And that completes our EIGRP configuration on R1. Wasn’t that simple? Let’s proceed and configure EIGRP on R2 and R3 following the same pattern.
R2#configure terminal Enter configuration commands, one per line. End with CNTL/Z. R2(config)#router eigrp 10 R2(config-router)#no auto-summary R2(config-router)#network 10.10.2.0 0.0.0.255 R2(config-router)#network 192.168.12.0 0.0.0.255 R2(config-router)#network 192.168.23.0 0.0.0.3 R2(config-router)#end R2# R3#configure terminal Enter configuration commands, one per line. End with CNTL/Z. R3(config)#router eigrp 10 R3(config-router)#no auto-summary R3(config-router)#network 10.10.3.0 0.0.0.255 R3(config-router)#network 192.168.23.2 0.0.0.3 R3(config-router)#end R3#
That completes our EIGRP configuration on R1, R2, and R3 and it’s time to verify if our configuration works as expected. If we configured EIGRP correctly, EIGRP adjacencies should have been established between R1 and R2, as well as, R2 and R3. Let’s see if that’s the case using the show ip eigrp neighbor command on R1.
R1#show ip eigrp neighbor IP-EIGRP neighbors for process 10 H Address Interface Hold Uptime SRTT RTO Q Seq (sec) (ms) Cnt Num 0 192.168.12.2 Fa0/0 12 00:00:35 32 450 0 10
You can see that R1 has established adjacency with 192.168.12.2, which happens to be the IP address on the R2 interface connected directly to R1. Let’s now check if R2 has established an EIGRP adjacency with R3.
R2#show ip eigrp neighbor IP-EIGRP neighbors for process 10 H Address Interface Hold Uptime SRTT RTO Q Seq (sec) (ms) Cnt Num 1 192.168.23.2 Se0/0 11 00:08:01 44 396 0 3 0 192.168.12.1 Fa0/0 14 00:09:29 52 312 0 3
You actually see two EIGRP neighbors on R2 indicating that it has established EIGRP adjacencies with both R1 and R3.
Now that EIGRP adjacencies have been established, we can hope that some routing information would also have been exchanged between routers. Let’s first examine the EIGRP topology table on R1 using the show ip eigrp topology command.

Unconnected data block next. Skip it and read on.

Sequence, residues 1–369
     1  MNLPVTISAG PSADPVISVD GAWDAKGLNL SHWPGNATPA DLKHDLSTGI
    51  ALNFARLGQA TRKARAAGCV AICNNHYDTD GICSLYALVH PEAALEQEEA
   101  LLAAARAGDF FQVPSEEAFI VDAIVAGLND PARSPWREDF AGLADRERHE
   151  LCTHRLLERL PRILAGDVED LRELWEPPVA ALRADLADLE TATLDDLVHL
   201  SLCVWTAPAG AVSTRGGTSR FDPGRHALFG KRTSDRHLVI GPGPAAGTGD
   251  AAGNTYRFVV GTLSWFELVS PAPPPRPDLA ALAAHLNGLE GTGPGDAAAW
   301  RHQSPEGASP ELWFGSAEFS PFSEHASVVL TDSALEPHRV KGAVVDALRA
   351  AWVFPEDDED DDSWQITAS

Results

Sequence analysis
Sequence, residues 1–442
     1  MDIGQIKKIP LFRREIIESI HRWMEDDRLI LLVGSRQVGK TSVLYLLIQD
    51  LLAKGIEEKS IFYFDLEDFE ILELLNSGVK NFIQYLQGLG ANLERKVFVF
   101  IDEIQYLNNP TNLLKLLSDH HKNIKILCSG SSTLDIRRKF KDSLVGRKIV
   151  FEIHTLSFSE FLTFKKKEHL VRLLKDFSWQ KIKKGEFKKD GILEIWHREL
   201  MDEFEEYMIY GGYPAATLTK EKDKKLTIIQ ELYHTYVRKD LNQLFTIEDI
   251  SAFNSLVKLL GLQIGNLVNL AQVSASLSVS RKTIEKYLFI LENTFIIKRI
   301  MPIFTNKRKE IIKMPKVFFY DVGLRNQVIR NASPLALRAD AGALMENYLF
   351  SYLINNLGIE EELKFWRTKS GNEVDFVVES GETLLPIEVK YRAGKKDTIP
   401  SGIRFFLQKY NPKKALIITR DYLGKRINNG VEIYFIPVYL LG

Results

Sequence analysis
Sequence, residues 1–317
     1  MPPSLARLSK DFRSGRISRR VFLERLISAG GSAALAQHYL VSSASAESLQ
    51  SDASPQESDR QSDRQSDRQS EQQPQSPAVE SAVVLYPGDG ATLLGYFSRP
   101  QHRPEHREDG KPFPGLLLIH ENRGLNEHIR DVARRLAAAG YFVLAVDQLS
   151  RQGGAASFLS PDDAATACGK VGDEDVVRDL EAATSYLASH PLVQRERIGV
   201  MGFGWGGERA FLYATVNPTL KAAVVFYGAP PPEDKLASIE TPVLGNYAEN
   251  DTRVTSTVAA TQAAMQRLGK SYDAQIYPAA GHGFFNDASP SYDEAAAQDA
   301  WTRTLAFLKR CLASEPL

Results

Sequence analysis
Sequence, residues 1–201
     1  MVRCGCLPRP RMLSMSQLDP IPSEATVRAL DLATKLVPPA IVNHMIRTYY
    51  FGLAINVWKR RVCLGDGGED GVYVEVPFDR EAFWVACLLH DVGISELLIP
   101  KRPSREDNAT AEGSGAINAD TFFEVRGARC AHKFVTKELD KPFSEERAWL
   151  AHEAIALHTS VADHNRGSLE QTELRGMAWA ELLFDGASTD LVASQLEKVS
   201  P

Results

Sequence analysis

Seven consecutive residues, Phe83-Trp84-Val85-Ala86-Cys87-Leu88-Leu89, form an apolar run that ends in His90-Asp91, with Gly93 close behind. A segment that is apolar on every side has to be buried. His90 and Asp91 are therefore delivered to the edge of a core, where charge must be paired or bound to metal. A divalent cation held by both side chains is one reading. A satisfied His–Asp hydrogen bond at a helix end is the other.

R1#show ip eigrp topology IP-EIGRP Topology Table for AS(10)/ID(10.10.1.1) Codes: P - Passive, A - Active, U - Update, Q - Query, R - Reply, r - reply Status, s - sia Status P 10.10.1.0/24, 1 successors, FD is 128256 via Connected, Loopback0 P 10.10.2.0/24, 1 successors, FD is 156160 via 192.168.12.2 (409600/128256), FastEthernet0/0 P 10.10.3.0/24, 1 successors, FD is 2300416 via 192.168.12.2 (2323456/2297856), FastEthernet0/0 P 192.168.12.0/24, 1 successors, FD is 281600 via Connected, FastEthernet0/0 P 192.168.23.0/30, 1 successors, FD is 2172416 via 192.168.12.2 (2195456/2169856), FastEthernet0/0
We can see several entries with their successors listed along with the FD for each. Let’s examine the routing table on R1 using the good old show ip route command.
R1#show ip route C 192.168.12.0/24 is directly connected, FastEthernet0/0 10.0.0.0/24 is subnetted, 3 subnets C 10.10.1.0 is directly connected, Loopback0 D 10.10.2.0 [90/409600] via 192.168.12.2, 00:12:10, FastEthernet0/0 D 10.10.3.0 [90/2323456] via 192.168.12.2, 00:10:42, FastEthernet0/0 192.168.23.0/30 is subnetted, 1 subnets D 192.168.23.0 [90/2195456] via 192.168.12.2, 00:11:56, FastEthernet0/0
In addition to the two directly connected subnets, R1 has also learned three subnets through EIGRP. These three subnets correspond to the Loopback0 of R2, Loopback0 of R3, and the interconnection of R2 and R3. In fact, R1 now has information about all subnets in our topology. Let’s try to ping Loopback0 of R3 from R1.
R1#ping 10.10.3.3 Type escape sequence to abort. Sending 5, 100-byte ICMP Echos to 10.10.3.3, timeout is 2 seconds: !!!!! Success rate is 100 percent (5/5), round-trip min/avg/max = 20/26/36 ms
In fact, you will be able to ping any subnet from any router in the topology at this point. We would strongly urge you to implement this topology in a lab environment. When you implement this topology, you should use the show commands seen in this article on all your routers, closely examining the output. This would be fun and a great way to have a better understanding of EIGRP.